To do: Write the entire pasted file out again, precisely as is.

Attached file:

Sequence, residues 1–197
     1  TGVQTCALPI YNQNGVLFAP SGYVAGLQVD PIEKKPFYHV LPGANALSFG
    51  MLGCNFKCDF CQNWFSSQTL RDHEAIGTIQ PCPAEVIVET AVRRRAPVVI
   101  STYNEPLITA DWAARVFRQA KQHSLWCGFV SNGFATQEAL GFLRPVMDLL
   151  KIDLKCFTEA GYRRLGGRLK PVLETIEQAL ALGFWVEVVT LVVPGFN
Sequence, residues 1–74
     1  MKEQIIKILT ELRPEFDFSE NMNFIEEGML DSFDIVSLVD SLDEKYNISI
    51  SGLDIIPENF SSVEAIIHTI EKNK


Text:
Sequence, residues 1–197
     1  TGVQTCALPI YNQNGVLFAP SGYVAGLQVD PIEKKPFYHV LPGANALSFG
    51  MLGCNFKCDF CQNWFSSQTL RDHEAIGTIQ PCPAEVIVET AVRRRAPVVI
   101  STYNEPLITA DWAARVFRQA KQHSLWCGFV SNGFATQEAL GFLRPVMDLL
   151  KIDLKCFTEA GYRRLGGRLK PVLETIEQAL ALGFWVEVVT LVVPGFN
Sequence, residues 1–74
     1  MKEQIIKILT ELRPEFDFSE NMNFIEEGML DSFDIVSLVD SLDEKYNISI
    51  SGLDIIPENF SSVEAIIHTI EKNK